After Dr. Snehal Smart finished her medical degree, she realized she enjoyed explaining diseases to patients and families more than the clinical work of diagnosis and treatment.
She learned about the immense benefits that patient advocacy provides to patients. Joining the Pleural Mesothelioma Center gave her the opportunity to guide patients through their medical care.
“Patient advocates help people with cancer understand their disease, explore their treatment options, and find the right doctor to get a second opinion,” she said. “Advocates also know which resources patients can draw on to cover the high costs of receiving treatment for a rare cancer.”
Personal and Professional Experience
Smart uses her medical school experience to guide patients on what questions they should ask their doctor. She translates complex medical terminology into simpler terms for patients.
Because she focuses specifically on mesothelioma, she often knows more about this rare cancer than patients’ local oncologists. She can refer patients to top mesothelioma specialists and help patients search for clinical trials that are currently recruiting.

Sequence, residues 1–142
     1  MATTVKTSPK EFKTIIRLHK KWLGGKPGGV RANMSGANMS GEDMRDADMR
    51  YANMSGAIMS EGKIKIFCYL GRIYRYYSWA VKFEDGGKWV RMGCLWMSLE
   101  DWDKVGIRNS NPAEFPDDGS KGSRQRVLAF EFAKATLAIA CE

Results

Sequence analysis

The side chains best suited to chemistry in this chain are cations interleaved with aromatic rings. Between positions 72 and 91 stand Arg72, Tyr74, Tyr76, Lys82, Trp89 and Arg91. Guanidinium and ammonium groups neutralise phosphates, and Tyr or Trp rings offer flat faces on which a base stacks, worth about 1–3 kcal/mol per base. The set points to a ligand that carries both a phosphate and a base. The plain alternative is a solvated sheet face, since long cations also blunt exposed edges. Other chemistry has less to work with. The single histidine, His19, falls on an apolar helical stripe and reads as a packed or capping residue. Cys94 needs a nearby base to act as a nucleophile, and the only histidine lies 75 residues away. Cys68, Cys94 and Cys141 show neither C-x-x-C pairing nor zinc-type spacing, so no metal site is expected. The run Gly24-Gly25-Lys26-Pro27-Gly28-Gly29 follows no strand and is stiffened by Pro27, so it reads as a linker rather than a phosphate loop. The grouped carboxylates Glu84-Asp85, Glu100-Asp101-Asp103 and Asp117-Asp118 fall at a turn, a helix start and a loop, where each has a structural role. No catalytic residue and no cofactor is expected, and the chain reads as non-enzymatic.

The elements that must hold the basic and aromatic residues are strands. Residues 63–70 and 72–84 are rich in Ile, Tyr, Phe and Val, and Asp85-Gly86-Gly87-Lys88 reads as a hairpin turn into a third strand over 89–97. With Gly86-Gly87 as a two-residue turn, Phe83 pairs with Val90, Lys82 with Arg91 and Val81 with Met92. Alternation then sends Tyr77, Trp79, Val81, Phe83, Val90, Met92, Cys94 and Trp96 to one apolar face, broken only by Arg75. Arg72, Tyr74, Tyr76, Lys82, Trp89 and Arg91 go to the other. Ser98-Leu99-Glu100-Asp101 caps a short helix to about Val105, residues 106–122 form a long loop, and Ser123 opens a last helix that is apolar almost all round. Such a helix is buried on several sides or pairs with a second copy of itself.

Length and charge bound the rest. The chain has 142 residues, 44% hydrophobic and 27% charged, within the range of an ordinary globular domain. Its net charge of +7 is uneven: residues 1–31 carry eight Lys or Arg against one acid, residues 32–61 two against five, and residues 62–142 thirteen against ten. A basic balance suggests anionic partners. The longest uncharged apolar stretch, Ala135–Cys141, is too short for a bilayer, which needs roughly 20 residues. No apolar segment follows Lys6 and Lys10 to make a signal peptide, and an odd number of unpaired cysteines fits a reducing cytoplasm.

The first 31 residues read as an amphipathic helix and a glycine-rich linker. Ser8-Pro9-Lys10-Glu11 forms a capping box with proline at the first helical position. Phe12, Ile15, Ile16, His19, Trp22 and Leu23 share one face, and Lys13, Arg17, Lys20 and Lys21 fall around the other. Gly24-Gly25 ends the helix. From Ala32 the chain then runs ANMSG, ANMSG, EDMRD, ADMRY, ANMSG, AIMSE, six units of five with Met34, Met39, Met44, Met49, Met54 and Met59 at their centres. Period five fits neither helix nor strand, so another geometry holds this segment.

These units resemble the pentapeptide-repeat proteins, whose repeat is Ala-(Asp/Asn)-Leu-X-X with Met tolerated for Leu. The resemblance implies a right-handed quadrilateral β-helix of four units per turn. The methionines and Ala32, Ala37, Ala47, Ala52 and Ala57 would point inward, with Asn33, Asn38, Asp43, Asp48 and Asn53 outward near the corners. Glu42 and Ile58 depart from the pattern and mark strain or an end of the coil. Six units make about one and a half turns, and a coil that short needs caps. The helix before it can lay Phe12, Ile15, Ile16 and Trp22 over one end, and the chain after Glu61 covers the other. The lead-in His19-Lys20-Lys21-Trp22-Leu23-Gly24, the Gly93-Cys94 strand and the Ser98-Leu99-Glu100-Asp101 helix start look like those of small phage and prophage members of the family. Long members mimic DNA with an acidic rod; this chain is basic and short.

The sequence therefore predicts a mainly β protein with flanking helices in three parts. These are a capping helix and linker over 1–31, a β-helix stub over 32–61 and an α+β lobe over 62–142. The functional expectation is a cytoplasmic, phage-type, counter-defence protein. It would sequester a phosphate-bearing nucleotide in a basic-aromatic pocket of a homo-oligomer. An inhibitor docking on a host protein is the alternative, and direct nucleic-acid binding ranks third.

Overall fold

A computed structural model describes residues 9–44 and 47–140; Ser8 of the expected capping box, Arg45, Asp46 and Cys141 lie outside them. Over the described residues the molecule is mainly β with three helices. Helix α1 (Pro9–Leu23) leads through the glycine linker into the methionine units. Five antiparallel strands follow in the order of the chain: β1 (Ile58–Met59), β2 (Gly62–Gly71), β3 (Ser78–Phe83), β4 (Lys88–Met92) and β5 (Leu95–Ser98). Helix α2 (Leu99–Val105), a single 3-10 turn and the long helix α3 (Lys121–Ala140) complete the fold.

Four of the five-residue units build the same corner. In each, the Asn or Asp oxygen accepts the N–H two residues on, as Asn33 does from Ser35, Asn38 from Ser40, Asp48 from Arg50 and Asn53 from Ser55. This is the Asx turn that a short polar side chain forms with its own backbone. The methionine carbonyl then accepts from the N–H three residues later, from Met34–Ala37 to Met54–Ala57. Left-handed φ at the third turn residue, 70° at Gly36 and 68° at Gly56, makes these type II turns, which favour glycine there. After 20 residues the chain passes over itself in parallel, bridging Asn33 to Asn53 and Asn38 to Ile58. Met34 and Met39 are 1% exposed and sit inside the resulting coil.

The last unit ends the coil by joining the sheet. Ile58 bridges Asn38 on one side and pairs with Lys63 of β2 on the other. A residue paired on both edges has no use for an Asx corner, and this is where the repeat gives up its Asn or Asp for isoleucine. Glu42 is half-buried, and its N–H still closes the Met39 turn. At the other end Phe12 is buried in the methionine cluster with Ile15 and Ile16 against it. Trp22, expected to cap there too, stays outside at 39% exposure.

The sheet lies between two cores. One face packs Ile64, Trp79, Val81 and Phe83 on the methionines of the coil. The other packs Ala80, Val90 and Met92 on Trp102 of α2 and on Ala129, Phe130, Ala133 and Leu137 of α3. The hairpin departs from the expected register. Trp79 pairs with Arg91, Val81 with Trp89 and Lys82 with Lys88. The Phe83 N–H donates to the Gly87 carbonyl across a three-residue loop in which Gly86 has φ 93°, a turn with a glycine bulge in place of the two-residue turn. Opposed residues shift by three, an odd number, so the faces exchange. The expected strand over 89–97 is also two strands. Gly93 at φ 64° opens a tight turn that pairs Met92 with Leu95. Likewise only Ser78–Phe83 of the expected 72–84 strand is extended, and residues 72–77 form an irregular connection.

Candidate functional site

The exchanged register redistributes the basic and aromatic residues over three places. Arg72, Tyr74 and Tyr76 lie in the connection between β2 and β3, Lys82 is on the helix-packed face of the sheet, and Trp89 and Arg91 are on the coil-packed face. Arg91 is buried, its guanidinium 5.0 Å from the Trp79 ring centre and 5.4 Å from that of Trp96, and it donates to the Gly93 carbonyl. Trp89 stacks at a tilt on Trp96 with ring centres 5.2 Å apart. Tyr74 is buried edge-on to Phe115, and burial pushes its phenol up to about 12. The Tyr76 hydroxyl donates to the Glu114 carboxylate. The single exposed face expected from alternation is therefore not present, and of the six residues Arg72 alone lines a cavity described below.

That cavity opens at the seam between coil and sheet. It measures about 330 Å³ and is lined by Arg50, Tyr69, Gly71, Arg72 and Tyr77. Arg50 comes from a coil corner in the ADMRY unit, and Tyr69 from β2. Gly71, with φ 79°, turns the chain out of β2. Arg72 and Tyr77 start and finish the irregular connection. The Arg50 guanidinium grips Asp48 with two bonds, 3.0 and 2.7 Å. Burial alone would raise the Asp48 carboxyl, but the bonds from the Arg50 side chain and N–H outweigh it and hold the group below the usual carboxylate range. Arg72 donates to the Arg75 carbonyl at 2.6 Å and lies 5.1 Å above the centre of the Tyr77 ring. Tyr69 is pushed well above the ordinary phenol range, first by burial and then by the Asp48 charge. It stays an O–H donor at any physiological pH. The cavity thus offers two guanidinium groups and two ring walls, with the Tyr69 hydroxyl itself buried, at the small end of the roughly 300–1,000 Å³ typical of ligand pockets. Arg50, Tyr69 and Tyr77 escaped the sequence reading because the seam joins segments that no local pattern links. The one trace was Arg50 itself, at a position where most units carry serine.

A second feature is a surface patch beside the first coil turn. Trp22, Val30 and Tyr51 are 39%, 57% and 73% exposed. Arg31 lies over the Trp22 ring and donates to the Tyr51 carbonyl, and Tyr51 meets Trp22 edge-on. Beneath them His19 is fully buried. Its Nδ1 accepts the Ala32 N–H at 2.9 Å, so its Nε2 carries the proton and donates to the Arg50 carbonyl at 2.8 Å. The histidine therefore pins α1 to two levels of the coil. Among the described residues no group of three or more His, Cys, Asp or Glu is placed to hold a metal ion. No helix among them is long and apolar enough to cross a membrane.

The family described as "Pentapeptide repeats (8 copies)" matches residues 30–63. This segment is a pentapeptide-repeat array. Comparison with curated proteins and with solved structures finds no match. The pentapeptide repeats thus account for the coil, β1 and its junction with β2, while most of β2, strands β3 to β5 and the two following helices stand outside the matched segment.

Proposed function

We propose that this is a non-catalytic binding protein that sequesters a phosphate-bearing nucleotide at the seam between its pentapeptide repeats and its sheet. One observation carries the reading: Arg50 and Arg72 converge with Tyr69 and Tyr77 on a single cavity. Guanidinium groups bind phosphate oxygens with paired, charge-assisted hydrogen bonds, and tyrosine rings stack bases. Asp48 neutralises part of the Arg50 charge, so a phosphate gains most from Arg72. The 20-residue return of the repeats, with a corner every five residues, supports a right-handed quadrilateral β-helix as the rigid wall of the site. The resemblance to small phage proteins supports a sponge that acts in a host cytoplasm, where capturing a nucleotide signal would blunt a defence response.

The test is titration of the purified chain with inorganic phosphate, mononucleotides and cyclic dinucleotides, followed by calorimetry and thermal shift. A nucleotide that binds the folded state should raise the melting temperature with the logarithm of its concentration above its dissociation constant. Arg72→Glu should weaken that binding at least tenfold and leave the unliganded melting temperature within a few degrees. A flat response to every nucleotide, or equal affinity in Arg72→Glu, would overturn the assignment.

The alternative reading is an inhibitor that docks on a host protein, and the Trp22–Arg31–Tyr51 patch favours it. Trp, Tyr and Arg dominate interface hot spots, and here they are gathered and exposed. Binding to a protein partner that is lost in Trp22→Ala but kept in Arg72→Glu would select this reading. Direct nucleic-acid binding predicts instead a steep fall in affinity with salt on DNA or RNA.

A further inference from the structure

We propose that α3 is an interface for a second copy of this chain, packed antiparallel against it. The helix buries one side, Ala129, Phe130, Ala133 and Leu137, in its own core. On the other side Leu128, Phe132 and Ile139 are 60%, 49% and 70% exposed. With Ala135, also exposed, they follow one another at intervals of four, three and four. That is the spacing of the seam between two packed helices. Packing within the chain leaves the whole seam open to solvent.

In Smart’s personal life, she had a loved one in a different country who was affected by a rare form of cancer.
Though Smart lived a great distance away, her loved one was still relieved when she could review his medical records. Over the phone, she advised him on the pros and cons of his mesothelioma treatment options.
“Because I helped him understand his diagnosis and treatment plan, he felt in control of the situation. I made sure he asked the right questions, so he was confident knowing his doctors had a plan of action that was best for him,” Smart said.
Through her time at the Pleural Mesothelioma Center, Smart has come to learn the common questions and fears people have when facing this disease.
“The biggest source of anxiety for mesothelioma patients comes from not being able to decipher their own test results.”
Patients and family members also often become confused by misleading information they find online. But once Smart is able to explain what their medical reports actually mean, patients feel much better.
“I really enjoy what I do, and I know I’ve made a difference when patients share their kind words with me about how I’ve helped them,” she said.